For Overcast Innovations shop manager Bill Hart, it has been difficult to find hand sanitizer – a product integral to ensure the safety of his employees – at local stores during the coronavirus pandemic.
When Hart saw Dry Fly Distilling’s Facebook post announcing release of its “Spokanitizer” to the local community Monday, he drove to the distillery’s tasting room, at 1003 E. Trent Ave., in hopes of picking up some of the hand sanitizer.
“I wanted to make sure my shop was covered,” Hart said, as he picked up three, 8-ounce bottles of hand sanitizer for himself and employees. “It’s great they are giving back to the community.”
Hart was among those who stopped by Dry Fly Distilling on Monday to obtain bottles of the “Spokanitizer” from the distillery’s founder, Don Poffenroth. Employees and volunteers handed out the product free of charge to people lined up in cars in a parking lot adjacent to the distillery’s tasting room.
Dry Fly Distilling also had stations available for people to fill their own bottles.
“It’s fantastic they are doing this,” said Patty Duncan, who stopped by Dry Fly Distilling to pick up a bottle.
Dry Fly Distilling received approval last week from the Alcohol and Tobacco Tax and Trade Bureau and the Food and Drug Administration to create an ethanol-based hand sanitizer, which also contains glycerin, hydrogen peroxide and essential oils.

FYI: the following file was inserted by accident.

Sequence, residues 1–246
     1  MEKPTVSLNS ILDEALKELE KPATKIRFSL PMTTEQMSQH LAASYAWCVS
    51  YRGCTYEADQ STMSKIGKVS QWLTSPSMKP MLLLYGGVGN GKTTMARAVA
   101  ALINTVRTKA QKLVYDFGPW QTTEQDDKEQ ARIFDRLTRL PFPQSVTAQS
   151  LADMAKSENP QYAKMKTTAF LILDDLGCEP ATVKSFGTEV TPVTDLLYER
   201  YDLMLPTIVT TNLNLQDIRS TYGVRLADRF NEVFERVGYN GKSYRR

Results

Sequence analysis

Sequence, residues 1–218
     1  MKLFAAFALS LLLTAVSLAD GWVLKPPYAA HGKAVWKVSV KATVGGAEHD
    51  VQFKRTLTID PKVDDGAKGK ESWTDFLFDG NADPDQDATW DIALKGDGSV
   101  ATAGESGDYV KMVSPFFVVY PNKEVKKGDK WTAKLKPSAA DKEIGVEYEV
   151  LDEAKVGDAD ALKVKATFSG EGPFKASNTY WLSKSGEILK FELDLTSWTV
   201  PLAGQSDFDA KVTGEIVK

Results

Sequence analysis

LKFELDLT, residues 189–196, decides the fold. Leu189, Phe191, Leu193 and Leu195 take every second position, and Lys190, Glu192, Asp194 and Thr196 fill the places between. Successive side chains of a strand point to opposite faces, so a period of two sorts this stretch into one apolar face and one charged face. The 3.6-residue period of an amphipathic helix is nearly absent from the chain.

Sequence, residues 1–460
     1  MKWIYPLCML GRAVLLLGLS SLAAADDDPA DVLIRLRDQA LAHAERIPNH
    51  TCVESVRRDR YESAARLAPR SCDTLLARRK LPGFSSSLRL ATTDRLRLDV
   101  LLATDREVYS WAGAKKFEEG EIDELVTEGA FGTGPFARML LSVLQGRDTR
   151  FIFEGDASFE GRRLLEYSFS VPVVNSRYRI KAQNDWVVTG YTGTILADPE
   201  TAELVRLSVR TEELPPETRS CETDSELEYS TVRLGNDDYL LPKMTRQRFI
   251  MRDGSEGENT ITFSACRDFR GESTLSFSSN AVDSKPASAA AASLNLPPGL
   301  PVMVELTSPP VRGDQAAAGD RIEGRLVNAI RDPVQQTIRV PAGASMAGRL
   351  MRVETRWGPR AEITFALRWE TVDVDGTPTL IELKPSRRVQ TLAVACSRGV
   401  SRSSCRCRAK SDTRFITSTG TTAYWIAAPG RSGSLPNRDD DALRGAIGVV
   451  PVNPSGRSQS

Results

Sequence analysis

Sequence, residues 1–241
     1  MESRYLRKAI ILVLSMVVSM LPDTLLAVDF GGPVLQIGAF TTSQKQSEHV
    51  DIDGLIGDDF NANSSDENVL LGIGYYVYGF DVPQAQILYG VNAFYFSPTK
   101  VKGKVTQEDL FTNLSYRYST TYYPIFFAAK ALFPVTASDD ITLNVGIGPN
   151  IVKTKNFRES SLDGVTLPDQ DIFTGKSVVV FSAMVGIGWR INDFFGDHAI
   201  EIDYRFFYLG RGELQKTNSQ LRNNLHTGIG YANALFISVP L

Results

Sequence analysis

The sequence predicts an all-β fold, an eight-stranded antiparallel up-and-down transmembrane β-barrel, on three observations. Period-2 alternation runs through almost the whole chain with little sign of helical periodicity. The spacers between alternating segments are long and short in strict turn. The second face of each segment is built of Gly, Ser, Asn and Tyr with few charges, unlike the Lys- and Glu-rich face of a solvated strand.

Dry Fly Distilling’s phone has been ringing off the hook with people looking for the hand sanitizer since the company announced it would be creating the product. It has also fielded about 500 to 600 emails from people requesting pickup of the product, said Terry Nichols, Dry Fly Distilling’s vice president of sales and marketing.
Dry Fly Distilling – which has produced around 6,000 to 7,000 bottles of the hand sanitizer –distributed its first batch to health care providers, retirement and nursing homes, city workers and first responders, Nichols said.
Dry Fly Distilling’s beverage distributor, Odom Corp., restaurateurs and other industry partners assisted in bottling.
Several local businesses, such as Maid Naturally and Shadow Works, donated supplies to make the hand sanitizer. Oaksdale-based Wisota Farms provided grain used to create the product.
Community members also donated glycerin and bottles for the hand sanitizer, and that was helpful because of sparse supply chains, Nichols said.
Dry Fly Distilling is intending to keep creating and distributing the “Spokanitizer,” Nichols said.
“The Spokane community has been great,” he said. “We just want to help out.”
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